maandag 29 april 2013


This is a view from the backside of my atelier from last week. I felt kind of hopeless but meanwhile this has changed. There are tiny green leaves on the bushes now and i found this poem at Mo's blog........

“Hope is the thing with feathers
That perches in the soul
And sings the tune without the words
And never stops at all”
first verse of Hope by Emily Dickinson

zaterdag 13 april 2013


Because i love this poem so much............  

As you set out for Ithaka
hope the voyage is a long one,
full of adventure, full of discovery.
Laistrygonians and Cyclops,
angry Poseidon—don’t be afraid of them:
you’ll never find things like that on your way
as long as you keep your thoughts raised high,
as long as a rare excitement
stirs your spirit and your body.
Laistrygonians and Cyclops,
wild Poseidon—you won’t encounter them
unless you bring them along inside your soul,
unless your soul sets them up in front of you.

Hope the voyage is a long one.
May there be many a summer morning when,
with what pleasure, what joy,
you come into harbors seen for the first time;
may you stop at Phoenician trading stations
to buy fine things,
mother of pearl and coral, amber and ebony,
sensual perfume of every kind—
as many sensual perfumes as you can;
and may you visit many Egyptian cities
to gather stores of knowledge from their scholars.

Keep Ithaka always in your mind.
Arriving there is what you are destined for.
But do not hurry the journey at all.
Better if it lasts for years,
so you are old by the time you reach the island,
wealthy with all you have gained on the way,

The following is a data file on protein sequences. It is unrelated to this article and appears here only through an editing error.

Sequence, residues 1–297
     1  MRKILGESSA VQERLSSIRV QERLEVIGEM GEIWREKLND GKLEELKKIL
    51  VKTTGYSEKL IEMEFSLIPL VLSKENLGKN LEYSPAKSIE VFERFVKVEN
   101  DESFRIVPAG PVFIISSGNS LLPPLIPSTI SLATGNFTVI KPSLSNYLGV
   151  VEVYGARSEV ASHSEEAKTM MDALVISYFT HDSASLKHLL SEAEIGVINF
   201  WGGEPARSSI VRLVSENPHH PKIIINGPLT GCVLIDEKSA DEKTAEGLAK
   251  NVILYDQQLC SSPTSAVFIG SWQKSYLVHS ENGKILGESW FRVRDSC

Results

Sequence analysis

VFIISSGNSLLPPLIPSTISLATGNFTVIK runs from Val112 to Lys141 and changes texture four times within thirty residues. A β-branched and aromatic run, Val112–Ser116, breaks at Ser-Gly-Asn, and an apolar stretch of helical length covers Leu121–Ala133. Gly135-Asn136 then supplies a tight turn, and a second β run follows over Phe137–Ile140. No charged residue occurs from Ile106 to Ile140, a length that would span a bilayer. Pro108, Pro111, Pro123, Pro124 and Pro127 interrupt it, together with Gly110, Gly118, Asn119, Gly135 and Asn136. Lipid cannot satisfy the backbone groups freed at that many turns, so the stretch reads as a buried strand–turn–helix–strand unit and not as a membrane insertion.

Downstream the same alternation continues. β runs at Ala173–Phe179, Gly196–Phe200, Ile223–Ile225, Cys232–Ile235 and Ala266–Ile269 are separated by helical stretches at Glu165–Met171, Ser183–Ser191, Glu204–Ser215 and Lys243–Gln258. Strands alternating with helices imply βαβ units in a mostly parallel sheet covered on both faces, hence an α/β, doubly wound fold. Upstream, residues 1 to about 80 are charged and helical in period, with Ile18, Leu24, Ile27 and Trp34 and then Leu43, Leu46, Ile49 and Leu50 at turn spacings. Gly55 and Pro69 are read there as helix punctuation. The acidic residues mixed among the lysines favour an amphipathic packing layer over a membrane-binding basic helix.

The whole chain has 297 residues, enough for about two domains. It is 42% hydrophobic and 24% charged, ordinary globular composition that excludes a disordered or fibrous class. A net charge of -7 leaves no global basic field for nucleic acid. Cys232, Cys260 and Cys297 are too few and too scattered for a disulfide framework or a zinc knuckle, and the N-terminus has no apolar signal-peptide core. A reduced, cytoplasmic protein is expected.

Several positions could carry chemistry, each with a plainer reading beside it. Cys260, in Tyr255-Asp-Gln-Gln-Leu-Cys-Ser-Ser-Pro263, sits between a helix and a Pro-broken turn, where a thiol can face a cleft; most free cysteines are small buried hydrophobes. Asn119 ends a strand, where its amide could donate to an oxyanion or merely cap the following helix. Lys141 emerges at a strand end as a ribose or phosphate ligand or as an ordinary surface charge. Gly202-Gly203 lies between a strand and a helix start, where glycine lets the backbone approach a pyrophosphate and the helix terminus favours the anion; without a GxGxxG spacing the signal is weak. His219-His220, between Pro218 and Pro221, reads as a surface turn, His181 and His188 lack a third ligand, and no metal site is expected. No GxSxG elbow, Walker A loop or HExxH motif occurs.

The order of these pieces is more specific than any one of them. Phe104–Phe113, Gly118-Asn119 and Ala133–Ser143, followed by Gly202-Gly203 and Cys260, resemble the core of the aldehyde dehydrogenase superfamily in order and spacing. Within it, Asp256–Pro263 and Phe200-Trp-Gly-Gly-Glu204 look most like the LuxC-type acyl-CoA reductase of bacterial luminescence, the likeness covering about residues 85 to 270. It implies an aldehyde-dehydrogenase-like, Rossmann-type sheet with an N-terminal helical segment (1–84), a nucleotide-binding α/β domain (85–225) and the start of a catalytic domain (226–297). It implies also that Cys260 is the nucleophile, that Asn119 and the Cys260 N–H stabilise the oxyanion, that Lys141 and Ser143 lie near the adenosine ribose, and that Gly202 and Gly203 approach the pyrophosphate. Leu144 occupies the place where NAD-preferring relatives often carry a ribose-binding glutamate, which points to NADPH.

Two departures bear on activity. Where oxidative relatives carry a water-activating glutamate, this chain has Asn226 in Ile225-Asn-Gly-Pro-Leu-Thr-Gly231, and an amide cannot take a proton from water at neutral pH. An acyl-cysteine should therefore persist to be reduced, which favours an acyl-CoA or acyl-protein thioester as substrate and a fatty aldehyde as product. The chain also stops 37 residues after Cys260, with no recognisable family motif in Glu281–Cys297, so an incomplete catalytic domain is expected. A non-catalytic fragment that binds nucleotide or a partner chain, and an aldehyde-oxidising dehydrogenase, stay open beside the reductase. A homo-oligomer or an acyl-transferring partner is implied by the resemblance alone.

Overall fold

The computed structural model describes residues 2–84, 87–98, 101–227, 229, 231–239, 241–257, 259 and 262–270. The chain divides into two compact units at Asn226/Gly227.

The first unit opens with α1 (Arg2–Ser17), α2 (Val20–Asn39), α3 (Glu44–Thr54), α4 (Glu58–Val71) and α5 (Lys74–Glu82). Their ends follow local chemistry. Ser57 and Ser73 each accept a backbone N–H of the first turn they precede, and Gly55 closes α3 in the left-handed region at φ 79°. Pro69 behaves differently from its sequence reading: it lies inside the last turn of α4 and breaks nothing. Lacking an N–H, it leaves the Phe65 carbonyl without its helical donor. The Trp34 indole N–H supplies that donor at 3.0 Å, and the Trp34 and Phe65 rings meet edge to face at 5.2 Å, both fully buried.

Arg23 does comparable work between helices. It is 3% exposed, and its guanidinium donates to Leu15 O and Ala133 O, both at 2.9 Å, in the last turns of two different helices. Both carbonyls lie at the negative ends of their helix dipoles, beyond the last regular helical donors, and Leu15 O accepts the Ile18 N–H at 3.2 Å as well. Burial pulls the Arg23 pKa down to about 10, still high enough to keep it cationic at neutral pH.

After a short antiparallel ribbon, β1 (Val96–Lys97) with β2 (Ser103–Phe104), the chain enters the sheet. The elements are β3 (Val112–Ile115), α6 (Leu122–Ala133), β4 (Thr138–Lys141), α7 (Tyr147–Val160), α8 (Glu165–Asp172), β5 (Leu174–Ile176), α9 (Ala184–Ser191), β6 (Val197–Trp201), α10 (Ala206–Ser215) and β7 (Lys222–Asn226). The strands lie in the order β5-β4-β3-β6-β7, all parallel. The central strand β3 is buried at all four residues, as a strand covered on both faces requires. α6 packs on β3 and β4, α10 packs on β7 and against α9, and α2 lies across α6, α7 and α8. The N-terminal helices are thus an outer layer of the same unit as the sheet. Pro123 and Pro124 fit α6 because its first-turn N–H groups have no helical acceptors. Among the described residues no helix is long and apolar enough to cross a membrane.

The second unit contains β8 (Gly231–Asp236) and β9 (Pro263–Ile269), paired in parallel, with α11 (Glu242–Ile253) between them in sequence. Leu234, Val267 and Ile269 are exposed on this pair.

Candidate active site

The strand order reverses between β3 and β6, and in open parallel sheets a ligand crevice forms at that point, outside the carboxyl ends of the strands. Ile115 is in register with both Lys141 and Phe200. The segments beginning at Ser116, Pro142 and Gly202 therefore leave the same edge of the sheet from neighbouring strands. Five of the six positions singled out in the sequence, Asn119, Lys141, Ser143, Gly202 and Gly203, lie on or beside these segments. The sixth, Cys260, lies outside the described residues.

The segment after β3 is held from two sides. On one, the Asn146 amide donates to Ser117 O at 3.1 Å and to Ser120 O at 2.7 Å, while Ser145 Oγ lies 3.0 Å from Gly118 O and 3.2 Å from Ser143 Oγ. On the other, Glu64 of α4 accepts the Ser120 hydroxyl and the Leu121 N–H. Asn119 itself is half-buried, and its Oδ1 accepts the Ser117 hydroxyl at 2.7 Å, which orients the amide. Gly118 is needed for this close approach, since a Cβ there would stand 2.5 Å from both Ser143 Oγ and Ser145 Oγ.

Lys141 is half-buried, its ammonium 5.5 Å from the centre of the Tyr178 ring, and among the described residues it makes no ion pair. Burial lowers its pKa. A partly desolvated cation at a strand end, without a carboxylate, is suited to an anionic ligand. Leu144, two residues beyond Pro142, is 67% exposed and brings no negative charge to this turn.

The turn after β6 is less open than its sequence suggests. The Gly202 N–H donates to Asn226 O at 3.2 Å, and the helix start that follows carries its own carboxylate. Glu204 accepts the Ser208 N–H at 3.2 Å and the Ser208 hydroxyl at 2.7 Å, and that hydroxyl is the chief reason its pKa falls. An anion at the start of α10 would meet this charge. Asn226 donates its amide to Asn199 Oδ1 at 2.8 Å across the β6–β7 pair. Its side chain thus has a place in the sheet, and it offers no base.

not expecting Ithaka to make you rich.

Ithaka gave you the marvelous journey.
Without her you would not have set out.
She has nothing left to give you now.

And if you find her poor, Ithaka won’t have fooled you.
Wise as you will have become, so full of experience,
you will have understood by then what these Ithakas mean.
Translated by Edmund Keeley/Philip Sherrard
(C.P. Cavafy, Collected Poems. Translated by Edmund Keeley and Philip Sherrard. Edited by George Savidis. Revised Edition. Princeton University Press, 1992)
- Original Greek Poem

vrijdag 12 april 2013

Sister Missisippi

I made this prayer cloth for the Sister Missisippi Textile/Fiber Arts Project.

This is the story:
On March 1, a group of Indigenous women began their walk from the headwaters of the Mississippi River all the way to the Gulf of Mexico as a healing prayer for the River, for Water. We are calling on all hands and hearts of the world – hands of artists, of young people, of women, of communities, of schools - to create fiber/textile pieces inspired in Water, in the Mississippi, as a healing prayer for the River and to accompany the women and their supporters as they walk the talk. These pieces will be sewn together on April 27-28 with healing, mending stitches to form the Sister Mississippi.

How to Mend Her Broken Heart: The Sister Mississippi River

A vision came of many, many hands coming together in a healing
prayer by creating, weaving, beading, stitching, patching, mending, felting, embroidering, knitting and then putting together the pieces of a long, handmade Sister Mississippi river. The fibers, the stitches, will make her better and she will feel the love from this gesture of many hearts and hands.

Participants should do this art and handwork with all of their intentions and prayers for the River, and all of their support and gratitude for the women who are praying with their walk. People are also invited to share the stories, histories and struggles of their peoples and communities for Water.